Quiet by nature, Lavonte David is sure making a lot of noise for the Tampa Bay Buccaneers.
The laid-back rookie linebacker has been wrapping up ball carriers and barking out assignments with equal aplomb for a defense that has excelled against the run during Tampa Bay's 1-3 start.
A second-round draft pick out of Nebraska, David has been entrusted with the green dot on his helmet, responsible for relaying signals efficiently from defensive coordinator Bill Sheridan to teammates.
"He's got a lot on his plate," Sheridan said, "but he's an outstanding player and I think he loves the pressure."
David inherited the communication role that middle linebacker Mason Foster handled as a rookie last season, when the Bucs lost their final 10 games to finish 4-12.
"It would have been a lot easier for me this year with a full offseason, but I feel like the way it's going, if it ain't broke, don't fix it," Foster said. "It's been going good with Lavonte and we've been playing well. I talk to him all the time and I know exactly what he's going through."
If David's extra chores are stunting his growth process, he has a funny way of showing it.
With 33 tackles, David ranks second to Foster (37) for the club lead and is coming off a 14-tackle effort against Washington that included three stops for losses.
"Mason has helped me out a lot," David said. "He told me to stay calm, be loud, be aggressive and make sure everyone gets the signals. I'm not a real talkative guy and this is a big responsibility. It helps you grow up fast. It means a lot to me that they trust me to do it as a rookie. Not everything has been perfect, but I'm working at it."
David was the relay man during a communication breakdown on Washington's final drive, contributing to a 24-22 loss before the bye week.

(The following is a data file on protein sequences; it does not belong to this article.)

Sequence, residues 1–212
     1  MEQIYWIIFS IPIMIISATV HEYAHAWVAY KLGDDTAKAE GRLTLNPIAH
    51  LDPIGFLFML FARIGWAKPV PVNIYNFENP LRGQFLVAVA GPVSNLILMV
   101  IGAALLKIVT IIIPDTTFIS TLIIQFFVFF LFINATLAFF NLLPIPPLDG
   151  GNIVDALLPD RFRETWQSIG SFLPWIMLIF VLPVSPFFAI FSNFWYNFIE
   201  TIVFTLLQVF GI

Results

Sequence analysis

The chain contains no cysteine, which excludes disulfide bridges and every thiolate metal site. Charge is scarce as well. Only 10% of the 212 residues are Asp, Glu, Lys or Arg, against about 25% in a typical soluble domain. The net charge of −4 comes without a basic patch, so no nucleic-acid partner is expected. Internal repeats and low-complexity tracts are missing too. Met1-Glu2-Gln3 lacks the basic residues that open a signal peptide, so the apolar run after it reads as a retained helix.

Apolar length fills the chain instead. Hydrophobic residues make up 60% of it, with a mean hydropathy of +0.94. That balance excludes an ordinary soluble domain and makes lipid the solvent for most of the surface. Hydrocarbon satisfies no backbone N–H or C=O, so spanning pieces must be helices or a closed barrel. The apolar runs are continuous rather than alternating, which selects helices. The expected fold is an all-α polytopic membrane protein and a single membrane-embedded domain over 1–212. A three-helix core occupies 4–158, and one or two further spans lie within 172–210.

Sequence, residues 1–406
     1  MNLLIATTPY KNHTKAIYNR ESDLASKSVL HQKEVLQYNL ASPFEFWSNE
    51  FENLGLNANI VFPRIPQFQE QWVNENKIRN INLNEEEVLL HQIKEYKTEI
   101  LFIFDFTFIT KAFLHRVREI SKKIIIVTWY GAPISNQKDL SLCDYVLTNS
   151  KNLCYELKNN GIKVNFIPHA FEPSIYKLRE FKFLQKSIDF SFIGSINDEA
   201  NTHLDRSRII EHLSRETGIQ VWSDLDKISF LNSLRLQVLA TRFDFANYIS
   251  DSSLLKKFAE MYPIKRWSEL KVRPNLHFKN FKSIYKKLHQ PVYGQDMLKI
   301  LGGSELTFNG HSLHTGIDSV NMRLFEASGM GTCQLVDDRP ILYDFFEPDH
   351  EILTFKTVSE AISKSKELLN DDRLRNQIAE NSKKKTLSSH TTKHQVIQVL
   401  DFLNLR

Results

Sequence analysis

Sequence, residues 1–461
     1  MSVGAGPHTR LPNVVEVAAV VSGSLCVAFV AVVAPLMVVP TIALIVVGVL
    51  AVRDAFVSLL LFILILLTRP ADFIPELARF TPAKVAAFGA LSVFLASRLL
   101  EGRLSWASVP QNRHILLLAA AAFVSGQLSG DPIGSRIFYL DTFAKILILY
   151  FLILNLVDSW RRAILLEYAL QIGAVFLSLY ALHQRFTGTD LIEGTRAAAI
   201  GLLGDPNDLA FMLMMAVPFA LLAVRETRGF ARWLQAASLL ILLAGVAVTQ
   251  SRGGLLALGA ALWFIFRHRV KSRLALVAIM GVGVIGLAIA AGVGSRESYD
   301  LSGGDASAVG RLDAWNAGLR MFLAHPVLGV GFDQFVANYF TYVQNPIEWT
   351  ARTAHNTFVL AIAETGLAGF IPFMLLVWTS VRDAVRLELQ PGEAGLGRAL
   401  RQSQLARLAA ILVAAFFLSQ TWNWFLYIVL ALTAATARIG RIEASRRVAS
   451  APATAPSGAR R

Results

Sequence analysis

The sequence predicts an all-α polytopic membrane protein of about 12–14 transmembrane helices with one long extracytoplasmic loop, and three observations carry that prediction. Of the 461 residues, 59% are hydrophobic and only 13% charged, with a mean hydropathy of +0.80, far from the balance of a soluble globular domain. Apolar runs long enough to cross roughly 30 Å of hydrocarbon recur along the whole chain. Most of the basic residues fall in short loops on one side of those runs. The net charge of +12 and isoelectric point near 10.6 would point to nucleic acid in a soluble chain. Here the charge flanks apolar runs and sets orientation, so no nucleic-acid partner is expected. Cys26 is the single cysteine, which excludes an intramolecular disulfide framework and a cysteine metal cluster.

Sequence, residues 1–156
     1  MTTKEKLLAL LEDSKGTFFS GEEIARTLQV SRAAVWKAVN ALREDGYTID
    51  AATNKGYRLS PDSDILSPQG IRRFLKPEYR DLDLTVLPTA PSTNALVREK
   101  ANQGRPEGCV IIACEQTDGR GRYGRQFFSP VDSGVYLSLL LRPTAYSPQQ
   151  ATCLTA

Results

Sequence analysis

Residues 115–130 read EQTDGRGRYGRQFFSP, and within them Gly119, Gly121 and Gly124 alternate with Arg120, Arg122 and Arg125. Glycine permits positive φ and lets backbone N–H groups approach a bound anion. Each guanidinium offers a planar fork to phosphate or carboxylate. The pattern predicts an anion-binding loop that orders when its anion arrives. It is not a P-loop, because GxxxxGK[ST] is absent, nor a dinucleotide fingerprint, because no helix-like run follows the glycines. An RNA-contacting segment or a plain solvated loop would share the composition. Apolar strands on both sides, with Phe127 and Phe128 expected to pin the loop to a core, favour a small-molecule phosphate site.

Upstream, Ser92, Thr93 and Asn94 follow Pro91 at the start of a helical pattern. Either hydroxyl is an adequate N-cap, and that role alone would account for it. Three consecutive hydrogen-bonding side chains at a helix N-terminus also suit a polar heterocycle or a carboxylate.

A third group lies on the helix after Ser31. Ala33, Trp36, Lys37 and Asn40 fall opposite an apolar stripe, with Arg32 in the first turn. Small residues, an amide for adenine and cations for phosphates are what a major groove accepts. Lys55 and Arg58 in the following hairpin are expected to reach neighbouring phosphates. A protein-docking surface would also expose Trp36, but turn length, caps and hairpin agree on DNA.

"He's done a good job of handling the communication even though, like a lot of people, we've had some mistakes, we've had some busts in critical times," Sheridan said.
With the Bucs ahead 22-21 in the final minutes, the Redskins drove 56 yards to a game-winning field goal, capitalizing on Tampa Bay's defensive breakdowns.
Washington's no-huddle offense proved effective as Sheridan and David got their signals crossed on two critical plays – a 20-yard pass to uncovered tight end Fred Davis and a 15-yard run by rookie quarterback Robert Griffin III.
"I wish I had those two snaps back, but I learned from it big time,'' David said. "I learned I have to make sure everyone gets the call. It was bad communication and it's on me because I'm the guy yelling the signals out. I've just got to do a better job.
"When we're facing a no-huddle, it's on me to get our guys to the line fast, get everybody set and make sure everyone's on the same page. It didn't happen on those two plays, and it cost us."
While David prepares for Sunday's home matchup against the Chiefs, teammate Roy Miller expressed his confidence in Tampa Bay's emerging defensive leader.
"He's definitely got a tough job, but Lavonte has done so well, so quickly," said the veteran defensive tackle, who didn't practice Thursday due to a sore back. "It reflects the type of young guys we have around here. When you don't have jerks, it's easier to transition into the NFL. When you're a rookie, trying to know what you're supposed to know, you've got to worry about doing your job.
"Now you add making these calls and doing these checks and it really becomes difficult, but Lavonte seems to handle it all. It's been amazing to see. He stepped in like a vet and I'm looking forward to watching him improve as the season goes on. I think he can be a heck of a player."